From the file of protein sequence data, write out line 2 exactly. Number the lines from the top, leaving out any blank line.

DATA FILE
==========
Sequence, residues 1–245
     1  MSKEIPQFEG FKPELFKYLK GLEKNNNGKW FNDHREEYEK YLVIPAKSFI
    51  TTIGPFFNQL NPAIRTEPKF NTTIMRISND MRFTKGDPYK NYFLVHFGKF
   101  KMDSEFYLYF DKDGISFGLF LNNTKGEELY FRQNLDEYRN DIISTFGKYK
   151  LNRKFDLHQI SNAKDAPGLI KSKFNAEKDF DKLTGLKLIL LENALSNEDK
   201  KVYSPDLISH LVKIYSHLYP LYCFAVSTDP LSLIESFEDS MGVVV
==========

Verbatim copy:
     1  MSKEIPQFEG FKPELFKYLK GLEKNNNGKW FNDHREEYEK YLVIPAKSFI